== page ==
| 4:51 am on Dec 22, 2011 (gmt 0)|
Version 9.0.1 was just released [ghacks.net] a few hours ago.
| 5:41 am on Dec 22, 2011 (gmt 0)|
FF sold out to Google for 100M after first choosing Bing for a short time, now they can afford making the browser faster.
| 6:15 am on Dec 22, 2011 (gmt 0)|
|FF sold out to Google for 100M after first choosing Bing for a short time, now they can afford making the browser faster. |
More like Mozilla put Google's feet to the coals by threatening to set Bing as the default search engine until Google coughed up the $$ that Mozilla wanted.
At this exact moment in history, Mozilla is in a strong position to play spoiler in the search market. Microsoft/Bing would pay a hefty fee for the additional search share that would accrue from being the default Mozilla search engine. Google can't afford to take the black eye that would result from the lost search share, with the extra bruising from being seen dumping sponsorship of a darling of the open source community.
All FF has to do is maintain a 20-30% market share, and they will get to continue to play spoiler, and extract a ransom from Google or Bing once every three years.
Nice business model for a "Non-Profit".
| 6:43 am on Dec 22, 2011 (gmt 0)|
Well said grelmar. Could not agree more. But at the rate Chrome' usage percentage is rising, may be google won't have to worry about such factors in 3-4 years.
| 4:04 pm on Dec 22, 2011 (gmt 0)|
I agree with all that is said here.
It was likely a fun chat. Mozilla likely knows exactly how much traffic Firefox is sending to Google, and they likely have a very good idea of how much it is worth to Google. And you know Google has the exact number. So, the only discussion was, "How much do we lose from not being the default?" I wonder if Google's guys said, like every webmaster hears from their clients, "We just can't afford to pay more than x." Think they said that?
Meanwhile....ya gotta admire Apple keeping Safari or only browsers willing to pay for the honor (using Safari as the base) on their iPad. Ol' Safari's share of the user market, while still small, has almost tripled in the last three years.
| 1:15 pm on Dec 23, 2011 (gmt 0)|
I like Firefox though I remove the google toolbar immediately and default the search box to wikipedia while deleting the google search box completely.
The browser still "calls home" to many places when you use it, sending google and microsoft data about how you use various features/sites, but it looks like it does so less often now.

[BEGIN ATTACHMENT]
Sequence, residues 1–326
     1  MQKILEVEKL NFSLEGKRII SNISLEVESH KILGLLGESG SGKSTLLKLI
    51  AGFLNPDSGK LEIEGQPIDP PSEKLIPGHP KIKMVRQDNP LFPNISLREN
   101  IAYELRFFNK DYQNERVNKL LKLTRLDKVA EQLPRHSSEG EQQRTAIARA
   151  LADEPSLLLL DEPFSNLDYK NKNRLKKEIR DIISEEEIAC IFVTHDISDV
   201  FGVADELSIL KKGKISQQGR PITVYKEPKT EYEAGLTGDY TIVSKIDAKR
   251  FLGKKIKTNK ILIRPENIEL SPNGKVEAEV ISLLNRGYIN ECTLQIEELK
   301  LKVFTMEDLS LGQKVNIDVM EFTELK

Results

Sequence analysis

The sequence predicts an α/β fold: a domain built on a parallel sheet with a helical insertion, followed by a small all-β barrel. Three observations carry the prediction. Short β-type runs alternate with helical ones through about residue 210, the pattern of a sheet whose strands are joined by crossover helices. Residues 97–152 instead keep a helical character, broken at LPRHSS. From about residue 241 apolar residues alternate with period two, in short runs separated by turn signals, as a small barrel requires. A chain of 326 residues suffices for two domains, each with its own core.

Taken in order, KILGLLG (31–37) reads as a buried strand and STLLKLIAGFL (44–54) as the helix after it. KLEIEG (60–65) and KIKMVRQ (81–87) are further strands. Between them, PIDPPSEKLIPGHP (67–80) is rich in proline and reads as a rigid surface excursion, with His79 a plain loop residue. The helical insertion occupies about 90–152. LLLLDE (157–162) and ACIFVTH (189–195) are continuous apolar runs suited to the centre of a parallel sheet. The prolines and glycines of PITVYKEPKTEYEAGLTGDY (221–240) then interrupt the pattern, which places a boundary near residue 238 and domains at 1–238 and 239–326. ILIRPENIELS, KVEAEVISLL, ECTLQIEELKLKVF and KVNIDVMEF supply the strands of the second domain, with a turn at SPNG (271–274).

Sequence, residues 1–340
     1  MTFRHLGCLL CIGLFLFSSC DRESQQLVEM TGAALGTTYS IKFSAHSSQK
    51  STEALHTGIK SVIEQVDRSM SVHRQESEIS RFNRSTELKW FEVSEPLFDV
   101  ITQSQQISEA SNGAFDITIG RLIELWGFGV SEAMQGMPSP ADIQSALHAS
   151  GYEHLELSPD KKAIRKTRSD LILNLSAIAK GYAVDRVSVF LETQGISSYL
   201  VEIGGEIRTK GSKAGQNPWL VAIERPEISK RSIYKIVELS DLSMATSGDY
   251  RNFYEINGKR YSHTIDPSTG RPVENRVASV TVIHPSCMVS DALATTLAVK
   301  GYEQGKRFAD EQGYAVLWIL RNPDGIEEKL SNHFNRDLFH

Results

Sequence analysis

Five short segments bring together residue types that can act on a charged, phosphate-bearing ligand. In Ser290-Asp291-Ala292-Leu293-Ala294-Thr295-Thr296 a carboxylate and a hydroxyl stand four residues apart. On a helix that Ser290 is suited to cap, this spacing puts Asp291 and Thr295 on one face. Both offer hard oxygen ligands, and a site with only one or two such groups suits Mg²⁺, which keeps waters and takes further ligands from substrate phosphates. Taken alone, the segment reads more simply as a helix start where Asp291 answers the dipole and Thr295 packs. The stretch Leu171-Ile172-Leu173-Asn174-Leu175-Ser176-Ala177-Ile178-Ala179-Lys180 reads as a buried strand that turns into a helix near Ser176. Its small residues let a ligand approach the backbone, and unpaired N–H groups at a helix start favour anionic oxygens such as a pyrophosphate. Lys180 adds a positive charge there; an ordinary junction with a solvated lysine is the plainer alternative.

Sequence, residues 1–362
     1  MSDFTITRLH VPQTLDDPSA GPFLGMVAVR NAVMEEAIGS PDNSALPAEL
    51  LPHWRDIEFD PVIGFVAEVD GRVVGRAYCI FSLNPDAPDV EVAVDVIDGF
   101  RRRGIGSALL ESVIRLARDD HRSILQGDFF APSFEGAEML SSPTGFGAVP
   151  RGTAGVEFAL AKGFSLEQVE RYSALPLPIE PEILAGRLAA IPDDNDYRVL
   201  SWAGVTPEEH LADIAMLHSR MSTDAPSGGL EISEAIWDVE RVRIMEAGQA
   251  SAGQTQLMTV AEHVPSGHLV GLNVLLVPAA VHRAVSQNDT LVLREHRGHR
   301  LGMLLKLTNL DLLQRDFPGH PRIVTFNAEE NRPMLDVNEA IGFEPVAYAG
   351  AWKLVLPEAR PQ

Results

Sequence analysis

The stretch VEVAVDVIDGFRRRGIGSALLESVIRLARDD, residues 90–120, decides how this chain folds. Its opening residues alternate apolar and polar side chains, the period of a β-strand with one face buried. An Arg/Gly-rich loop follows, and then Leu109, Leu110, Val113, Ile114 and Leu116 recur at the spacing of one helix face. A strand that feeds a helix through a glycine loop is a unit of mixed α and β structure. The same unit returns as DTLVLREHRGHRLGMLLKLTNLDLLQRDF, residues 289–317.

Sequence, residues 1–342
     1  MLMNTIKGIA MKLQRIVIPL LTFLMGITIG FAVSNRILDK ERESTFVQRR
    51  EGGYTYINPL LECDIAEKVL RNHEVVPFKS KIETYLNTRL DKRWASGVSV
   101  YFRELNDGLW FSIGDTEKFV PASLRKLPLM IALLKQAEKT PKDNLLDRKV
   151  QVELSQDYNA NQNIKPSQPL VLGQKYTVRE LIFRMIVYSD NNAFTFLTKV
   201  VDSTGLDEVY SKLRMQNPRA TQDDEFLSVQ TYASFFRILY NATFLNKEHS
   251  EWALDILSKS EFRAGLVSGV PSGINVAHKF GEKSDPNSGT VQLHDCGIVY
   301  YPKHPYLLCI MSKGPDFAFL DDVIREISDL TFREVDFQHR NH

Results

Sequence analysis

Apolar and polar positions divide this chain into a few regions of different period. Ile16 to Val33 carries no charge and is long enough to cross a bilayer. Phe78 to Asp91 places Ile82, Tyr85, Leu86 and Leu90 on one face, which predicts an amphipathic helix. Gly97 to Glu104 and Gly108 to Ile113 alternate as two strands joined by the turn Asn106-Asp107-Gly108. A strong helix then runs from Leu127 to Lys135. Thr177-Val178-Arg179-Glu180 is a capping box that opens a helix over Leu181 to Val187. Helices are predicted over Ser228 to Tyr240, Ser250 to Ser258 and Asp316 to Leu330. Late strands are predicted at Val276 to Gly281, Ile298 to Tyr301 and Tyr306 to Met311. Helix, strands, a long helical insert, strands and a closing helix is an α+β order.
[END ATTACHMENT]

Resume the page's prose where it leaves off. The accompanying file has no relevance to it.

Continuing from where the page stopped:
HOWEVER - a fix I had used on my computer to disable Internet Explorer no longer works. I cannot set IE to use the LAN setting of 0.0.0.0 anymore since microsoft features will now use firefox instead if IE is unavailable... yuck.
I have nothing to hide but nobody asked me and I didn't ok for ANY information to leave my computer withou my express consent... ya know?
Is there ANY current browser available, besides old IE6, that doesn't call home to various places with various data by default?
| 1:25 pm on Dec 23, 2011 (gmt 0)|
| 10:22 pm on Dec 23, 2011 (gmt 0)|
Sgt_Kickaxe - how did you determine the "calls home" thing?
And do you actually mean info is sent back to google / MS about how you are browsing?
Using Firefox here on Linux and Windows.
| 3:54 am on Dec 25, 2011 (gmt 0)|
Sorry I was wrong, the agreement is 300M/year. This way Chrome will win more and more market share and in a few years FF will be history.
I believe some people at Moz. enjoy a luxurious lifestyle at the top of the food chain until they sell out FF market share completely ;)
| 2:34 am on Dec 26, 2011 (gmt 0)|
FF is still too slow. Chrome is quicker and more stable.
| 5:53 pm on Dec 29, 2011 (gmt 0)|
I have tried to hang in there with Chrome but after countless hangs and "Oh, snaps!" and re-installs I've dumped Chrome for FF 9.0 which has been performing flawlessly.
FF has really ramped up their effort since 3.6. Congratulations!
| 3:33 am on Dec 30, 2011 (gmt 0)|
I moved to Chrome because FF has been too buggy this year.
Is everyone else finding FF 9.0 stable?
| 10:02 pm on Dec 30, 2011 (gmt 0)|
No problem with extensive use of FF since before 3.6. This is on Linux Ubuntu (me) and Windows 2000 (wife). My own use is typically 6 windows open with about 50+ tabs between them.
I would never use chrome because a) it has a lot of exploitable flaws in it and b) it's google, which means a privacy issue at the very least.
| 12:29 am on Dec 31, 2011 (gmt 0)|
First, Chrome does not have a lot of "exploitable flaws" in it. In fact, recent security reports found that Chrome's sandboxing and plug-in security make it more secure than Firefox and IE.
Second, assuming that because it's Google means it's a privacy issue is just that... an assumption. This is the same age old tin-foil-hat-wearing argument that keeps being made without ANY data to support it. I wish people would stop making such statements without providing even a speck of supporting data. Otherwise, it's just silly rumors.
To get back on topic, though, I have not yet tried the latest FF. I keep meaning to give it another look, but I stopped using it a while ago because it just seemed so slow. I still use it for development purposes (you can't beat Firebug), but it's not the browser I use for day-to-day web browsing.
| 9:33 pm on Dec 31, 2011 (gmt 0)|
"Recent security reports" having bneen compiled by "Google-commisioned research". Webkit has flaws. That's it.
It is known that google traces browsing habits using whatever means they can. I always block GA and similar and I shudder every time I have to pass private data to someone using gmail!
| 2:20 am on Jan 1, 2012 (gmt 0)|
Again, feel free to trust rumors over actual data.
*walks away from discussion, sans-tin-foil-hat*
| 7:18 am on Jan 3, 2012 (gmt 0)|
I use IE, FF, and Chrome. Chrome is good for some things while Firefox for some. Don't see that big of a difference in the new version though...